The fifth annual Bushwick Film Festival takes over the Paperbox from October 5-7 with music videos, documentaries, comedies, dramas, experimental films and more. We talked to co-founder Kweighbaye Kotee, who started the festival with Laree Ross, about what makes Bushwick great and why we need film festivals in the first place.
Are there really so many films by and about Bushwick?
You’d be surprised! We were! The artists have moved to Bushwick in huge waves. Bushwick itself is like a Hollywood movie set. There are so many filmmakers here now too. The other day when Laree and I were putting up film festival posters—yes, we put up our own posters still—we got stopped by at least three Bushwick filmmakers in just one hour. But out of the 25 films (shorts, music videos, animation, docs) that we selected to be screened this year, we only have four Bushwick films where the directors were either from Bushwick and/or the film was shot in Bushwick.
The Williamsburg Film Festival and the Greenpoint Film Festival just passed. Why are there so many North Brooklyn film festivals?
Because they are just so many creative people in North Brooklyn. And we just don’t want to always have to go to Lincoln Film Center or Angelika or the city in general to be able to see indie films. We definitely don’t want to have to fly anywhere to see indie films either! Film is probably the most significant and powerful tool of transformation of our culture and leaving it up to the art houses to decide which films get exhibited is like leaving it up to Hollywood to decide which films get produced. The emergence of [new] film festivals in North Brooklyn, the US and the world for that matter in my opinion shares certain characteristics with the emergence of early independent filmmakers who refused to allow producers or funders to control the content of their films. Film festivals refuse to allow complete control over the exhibition of films. So the more opportunities their are to exhibit films the better! Besides, the history of good filmmaking is a history of filmmaking made outside the system, or at least in conflict with the system. The same goes for film festivals. Some really great gems were discovered at film festivals that would not have made it to the theaters. Now, as for business, we just have to call them up and make sure we don’t have our festivals on the same weekend!! Hahaha.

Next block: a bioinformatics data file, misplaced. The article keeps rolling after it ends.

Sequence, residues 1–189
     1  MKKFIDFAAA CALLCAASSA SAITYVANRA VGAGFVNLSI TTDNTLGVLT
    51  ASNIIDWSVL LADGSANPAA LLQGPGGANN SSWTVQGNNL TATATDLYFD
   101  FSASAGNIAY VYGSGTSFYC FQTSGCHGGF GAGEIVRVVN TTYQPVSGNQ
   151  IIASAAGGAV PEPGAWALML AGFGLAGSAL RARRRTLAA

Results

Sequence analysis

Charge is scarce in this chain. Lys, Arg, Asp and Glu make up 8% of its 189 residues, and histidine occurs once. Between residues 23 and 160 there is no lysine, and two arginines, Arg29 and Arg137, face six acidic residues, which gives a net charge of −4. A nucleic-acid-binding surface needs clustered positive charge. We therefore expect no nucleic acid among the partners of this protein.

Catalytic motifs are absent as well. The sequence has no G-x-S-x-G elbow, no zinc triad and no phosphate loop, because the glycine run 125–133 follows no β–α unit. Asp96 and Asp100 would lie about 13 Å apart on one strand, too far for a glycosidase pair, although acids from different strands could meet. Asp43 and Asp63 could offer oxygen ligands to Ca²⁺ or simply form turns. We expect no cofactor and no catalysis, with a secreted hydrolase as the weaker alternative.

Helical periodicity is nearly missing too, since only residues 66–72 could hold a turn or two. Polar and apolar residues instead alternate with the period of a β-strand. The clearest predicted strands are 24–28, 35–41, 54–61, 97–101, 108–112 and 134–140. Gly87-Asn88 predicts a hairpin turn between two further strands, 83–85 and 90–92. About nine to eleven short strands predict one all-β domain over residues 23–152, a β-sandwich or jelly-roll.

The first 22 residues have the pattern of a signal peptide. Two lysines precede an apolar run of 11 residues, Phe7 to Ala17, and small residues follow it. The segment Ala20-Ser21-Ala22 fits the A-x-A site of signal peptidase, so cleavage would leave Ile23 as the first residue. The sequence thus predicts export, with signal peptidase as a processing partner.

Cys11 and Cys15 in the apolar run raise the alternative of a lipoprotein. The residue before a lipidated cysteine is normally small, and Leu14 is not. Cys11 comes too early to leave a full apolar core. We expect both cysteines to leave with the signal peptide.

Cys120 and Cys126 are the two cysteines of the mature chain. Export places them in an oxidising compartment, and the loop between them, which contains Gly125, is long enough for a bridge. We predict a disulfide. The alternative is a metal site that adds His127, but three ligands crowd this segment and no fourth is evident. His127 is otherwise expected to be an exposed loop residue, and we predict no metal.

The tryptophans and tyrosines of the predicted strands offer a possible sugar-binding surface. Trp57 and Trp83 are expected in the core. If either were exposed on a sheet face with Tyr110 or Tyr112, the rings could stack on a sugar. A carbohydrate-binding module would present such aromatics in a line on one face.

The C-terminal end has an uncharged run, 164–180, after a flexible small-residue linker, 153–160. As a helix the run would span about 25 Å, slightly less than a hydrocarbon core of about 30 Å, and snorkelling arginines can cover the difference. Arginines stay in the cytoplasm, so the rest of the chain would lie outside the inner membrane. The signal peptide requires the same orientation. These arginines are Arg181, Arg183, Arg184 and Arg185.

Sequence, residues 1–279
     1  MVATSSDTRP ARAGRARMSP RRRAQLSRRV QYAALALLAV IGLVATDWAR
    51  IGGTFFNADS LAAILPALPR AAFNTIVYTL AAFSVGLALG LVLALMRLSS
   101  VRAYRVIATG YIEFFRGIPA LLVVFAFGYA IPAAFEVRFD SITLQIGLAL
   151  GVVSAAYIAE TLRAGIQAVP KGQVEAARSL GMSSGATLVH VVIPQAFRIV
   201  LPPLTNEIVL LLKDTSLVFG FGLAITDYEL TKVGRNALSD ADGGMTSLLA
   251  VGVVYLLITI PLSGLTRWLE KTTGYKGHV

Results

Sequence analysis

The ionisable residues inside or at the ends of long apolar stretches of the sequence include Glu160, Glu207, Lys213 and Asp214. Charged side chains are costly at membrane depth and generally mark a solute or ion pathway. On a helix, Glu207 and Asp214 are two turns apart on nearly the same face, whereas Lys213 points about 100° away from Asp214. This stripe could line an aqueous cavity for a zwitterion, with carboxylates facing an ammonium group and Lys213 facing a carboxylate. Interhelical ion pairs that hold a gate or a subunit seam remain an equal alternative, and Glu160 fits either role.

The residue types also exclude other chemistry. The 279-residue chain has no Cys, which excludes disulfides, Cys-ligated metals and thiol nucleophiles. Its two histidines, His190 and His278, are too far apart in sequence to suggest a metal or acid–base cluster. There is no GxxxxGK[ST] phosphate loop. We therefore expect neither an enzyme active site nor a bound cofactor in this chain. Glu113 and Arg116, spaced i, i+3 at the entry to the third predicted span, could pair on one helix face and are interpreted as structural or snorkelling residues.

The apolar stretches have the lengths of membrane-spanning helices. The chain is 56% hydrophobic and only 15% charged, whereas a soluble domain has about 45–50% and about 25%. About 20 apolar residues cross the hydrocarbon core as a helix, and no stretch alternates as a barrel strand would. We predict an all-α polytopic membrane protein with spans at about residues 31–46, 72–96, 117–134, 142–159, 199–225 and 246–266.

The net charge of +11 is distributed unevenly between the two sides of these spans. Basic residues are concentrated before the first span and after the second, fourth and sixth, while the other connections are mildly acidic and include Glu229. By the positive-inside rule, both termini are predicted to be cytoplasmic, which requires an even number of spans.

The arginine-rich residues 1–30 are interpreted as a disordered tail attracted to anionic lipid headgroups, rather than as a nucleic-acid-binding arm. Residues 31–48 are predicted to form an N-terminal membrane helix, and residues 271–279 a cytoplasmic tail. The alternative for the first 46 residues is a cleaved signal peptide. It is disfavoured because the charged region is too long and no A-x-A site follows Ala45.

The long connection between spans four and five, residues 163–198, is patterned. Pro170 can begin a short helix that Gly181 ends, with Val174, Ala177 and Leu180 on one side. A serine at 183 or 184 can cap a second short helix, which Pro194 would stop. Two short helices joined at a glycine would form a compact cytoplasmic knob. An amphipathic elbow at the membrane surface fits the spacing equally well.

What distinguishes the Bushwick Film Festival from its neighbors?
The festival is small, simple, and concentrated over one weekend in one venue. It keeps the attention on the films and the filmmakers. Laree and I are very single-minded individuals, and we’ve found it to be pretty amazing what can be accomplished when you focus your attention on only the essence of things. You are more likely to get better results focusing on one thing at a time. So we apply our way of being to the film festival. We feel that the audience, filmmakers and community get so much more out of the weekend this way. I for one get really confused when their are like 100 films to see over 30 days at 100 different locations! I think good films and filmmakers can really get lost in the mix. So we keep it simple. We also know all of our filmmakers, we have watched every single film that we have screened over the course of five years, and we try to highlight them as much as we can on our website and in our newsletters. We wouldn’t be able to serve the filmmakers this way if we didn’t keep it simple.